Twelve beds surrounded by dimmed lights, big pillows, dried flowers, the sound-proof room is an oasis of tranquillity. Noise cancelling headphones are available to tune into an app with all sorts of relaxing playlists.

A significant part of the mental health push – joining ATP and WTA hotlines throughout the year – players can now call Roland-Garros lines for help.

Chevalier and her team have also built a programme with on-site psychologists and psychiatrists to deliver anonymous walk-in appointments.

“It was essential to bring this all in. Players are up and down because they win and lose so many matches,” continued Chevalier.

“Some players maybe don’t want to show, they don’t want to be perceived as weak, but they are not weak. We can all face difficult moments in our life and we have to help them with our maximum effort.”

Over to the locker rooms and the atmosphere is more like pre-pandemic times. Spa facilities have returned with massages, facials, hairdressing; all feel-good extras. Laundry service is an essential stop for competitors and they have their washing returned in smart cardboard boxes, to help reduce waste.

That’s the case with new water bottles too. Each player gets given four re-fillable Perrier sports bottles, ball kids can refill them during the match, alongside plenty of water points around the grounds.

Near the locker room is a nursery for travelling families and then there’s transport. This is the desk where the players can get a ride in sponsor Renault’s fleet of cars at short notice.

Thanasi Kokkinakis, Alexander Bublik, Roland Garros 2022 doubles second round© Andre Ferreira/FFT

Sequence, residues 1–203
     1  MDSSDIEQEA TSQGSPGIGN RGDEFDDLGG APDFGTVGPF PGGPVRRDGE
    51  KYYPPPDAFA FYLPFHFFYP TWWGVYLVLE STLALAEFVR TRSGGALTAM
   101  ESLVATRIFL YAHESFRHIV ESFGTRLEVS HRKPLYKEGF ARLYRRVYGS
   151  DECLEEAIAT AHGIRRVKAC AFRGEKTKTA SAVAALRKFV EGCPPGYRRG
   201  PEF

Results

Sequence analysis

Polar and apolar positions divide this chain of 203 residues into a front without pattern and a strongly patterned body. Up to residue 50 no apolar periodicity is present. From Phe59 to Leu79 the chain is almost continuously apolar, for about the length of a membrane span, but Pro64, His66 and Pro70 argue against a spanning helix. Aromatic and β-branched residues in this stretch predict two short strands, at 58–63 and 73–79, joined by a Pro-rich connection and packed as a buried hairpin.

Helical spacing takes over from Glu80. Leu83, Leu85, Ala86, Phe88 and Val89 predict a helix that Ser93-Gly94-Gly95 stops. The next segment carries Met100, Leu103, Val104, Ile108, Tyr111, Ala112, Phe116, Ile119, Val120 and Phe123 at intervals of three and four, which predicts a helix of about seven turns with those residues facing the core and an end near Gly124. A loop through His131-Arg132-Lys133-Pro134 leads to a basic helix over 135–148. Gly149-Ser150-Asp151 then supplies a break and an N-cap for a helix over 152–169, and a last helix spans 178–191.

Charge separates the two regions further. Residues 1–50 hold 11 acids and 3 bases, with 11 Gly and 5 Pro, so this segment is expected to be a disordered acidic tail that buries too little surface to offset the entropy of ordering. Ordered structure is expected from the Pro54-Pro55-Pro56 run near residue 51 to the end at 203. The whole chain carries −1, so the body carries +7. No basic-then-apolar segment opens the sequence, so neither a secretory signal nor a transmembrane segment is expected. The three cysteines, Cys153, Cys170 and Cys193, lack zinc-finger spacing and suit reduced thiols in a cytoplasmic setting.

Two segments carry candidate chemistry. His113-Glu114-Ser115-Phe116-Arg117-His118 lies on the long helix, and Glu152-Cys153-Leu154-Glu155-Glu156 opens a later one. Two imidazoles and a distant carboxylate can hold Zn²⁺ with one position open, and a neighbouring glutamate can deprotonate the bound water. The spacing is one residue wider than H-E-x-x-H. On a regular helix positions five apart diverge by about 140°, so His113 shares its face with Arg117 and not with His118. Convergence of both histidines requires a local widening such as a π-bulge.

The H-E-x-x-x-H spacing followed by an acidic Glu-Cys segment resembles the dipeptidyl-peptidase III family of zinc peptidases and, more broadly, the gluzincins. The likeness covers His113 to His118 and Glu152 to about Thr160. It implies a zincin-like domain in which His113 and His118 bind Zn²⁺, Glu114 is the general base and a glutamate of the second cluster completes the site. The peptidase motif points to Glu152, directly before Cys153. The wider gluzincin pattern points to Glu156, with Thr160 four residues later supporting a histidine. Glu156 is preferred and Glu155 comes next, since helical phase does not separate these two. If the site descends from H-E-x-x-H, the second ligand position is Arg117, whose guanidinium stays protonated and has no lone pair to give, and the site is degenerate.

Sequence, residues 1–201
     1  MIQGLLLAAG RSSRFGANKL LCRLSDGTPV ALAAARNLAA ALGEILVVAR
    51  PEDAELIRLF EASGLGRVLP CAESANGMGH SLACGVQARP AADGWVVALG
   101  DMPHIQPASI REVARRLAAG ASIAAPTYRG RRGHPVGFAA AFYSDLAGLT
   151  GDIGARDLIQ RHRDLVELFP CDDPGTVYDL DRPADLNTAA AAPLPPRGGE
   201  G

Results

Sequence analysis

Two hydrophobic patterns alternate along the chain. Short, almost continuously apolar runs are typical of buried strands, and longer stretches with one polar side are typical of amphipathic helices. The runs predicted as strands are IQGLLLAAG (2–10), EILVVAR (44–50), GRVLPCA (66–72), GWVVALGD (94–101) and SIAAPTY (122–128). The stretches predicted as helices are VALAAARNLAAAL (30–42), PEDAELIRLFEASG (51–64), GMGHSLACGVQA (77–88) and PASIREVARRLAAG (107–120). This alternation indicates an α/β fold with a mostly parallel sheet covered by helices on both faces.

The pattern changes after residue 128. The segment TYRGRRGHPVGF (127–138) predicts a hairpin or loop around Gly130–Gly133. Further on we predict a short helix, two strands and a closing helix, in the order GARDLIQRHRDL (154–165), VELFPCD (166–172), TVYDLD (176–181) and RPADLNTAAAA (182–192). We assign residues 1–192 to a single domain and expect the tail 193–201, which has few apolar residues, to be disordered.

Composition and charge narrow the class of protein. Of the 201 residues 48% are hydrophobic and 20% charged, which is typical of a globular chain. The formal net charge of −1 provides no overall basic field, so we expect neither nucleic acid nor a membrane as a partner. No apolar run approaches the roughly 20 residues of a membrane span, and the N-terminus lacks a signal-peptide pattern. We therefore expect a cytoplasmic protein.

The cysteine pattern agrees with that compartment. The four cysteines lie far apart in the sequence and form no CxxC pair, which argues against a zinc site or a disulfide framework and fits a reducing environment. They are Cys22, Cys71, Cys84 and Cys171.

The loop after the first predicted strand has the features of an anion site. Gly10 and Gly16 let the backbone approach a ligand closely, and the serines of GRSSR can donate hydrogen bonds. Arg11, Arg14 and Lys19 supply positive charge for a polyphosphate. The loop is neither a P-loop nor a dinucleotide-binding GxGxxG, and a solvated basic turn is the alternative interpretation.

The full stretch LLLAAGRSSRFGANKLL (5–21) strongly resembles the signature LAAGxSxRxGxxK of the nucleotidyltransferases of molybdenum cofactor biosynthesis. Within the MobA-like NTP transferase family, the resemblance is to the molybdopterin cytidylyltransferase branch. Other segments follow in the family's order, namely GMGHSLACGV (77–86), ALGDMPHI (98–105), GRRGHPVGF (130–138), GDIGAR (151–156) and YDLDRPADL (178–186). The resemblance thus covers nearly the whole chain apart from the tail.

The transport area is also where A-list guests arrive and where players can leave tickets for their nearest and dearest, with 16 spots up for grabs on Court Philippe-Chatrier, 14 on Court Suzanne-Lenglen and 12 on Court Simonne-Mathieu.

Just a couple of streets away is Jean Bouin, the key practice site. Families chill out here with facilities like a nail and hair salon. A popular addition has been yoga sessions with an instructor putting on six classes a day.

Crucially, all of this information is available on the regenerated RG player’s app and everything is bookable within a few clicks.

For example, with the five racquet stringing points around the grounds, players can message to ask them to be returned to a certain station.

Food-wise they can order meals for times that suit their match, maybe a plate of pasta at 8:00 am if they’re first on.

Shopping in the RG boutique, concierge helping sort theatre tickets, restaurant recommendations, you name it, it’s on the app.

Next to the on-site concierge desk is a seamstress, on hand to stitch any logos onto match outfits or alter the length of items. It seems the players are looked after to the very last stitch.

The options are endless, the stress and concerns off court are diminished by the organisational excellence of Chevalier and her crew, but she wants the services to keep developing.

Roland Garros 2022, player accreditation© Pauline Ballet/FFT

“It’s always important to refresh what you think you know. The services were already very good, but we want to become more premium, but to also show even more care for the players,” stated Chevalier.

“We are the smallest Grand Slam in terms of square metres, we try to do our best to optimise our services.

“Our player app is for me the best of the Grand Slams, every service is on there. One thing I already want to change though is to develop a kind of Uber, so they can see how long they need to wait for a car on their phone.

“We will probably go deeper into the menus for the food we offer, to gain more variety. The players always want different food, it’s tricky to juggle it with the suppliers so we don’t waste food. 

“We will go deeper into all the dimensions here. We have put in place many good things, but I think we can go even further.”

Player restaurant, Roland Garros 2022© Pauline Ballet/FFT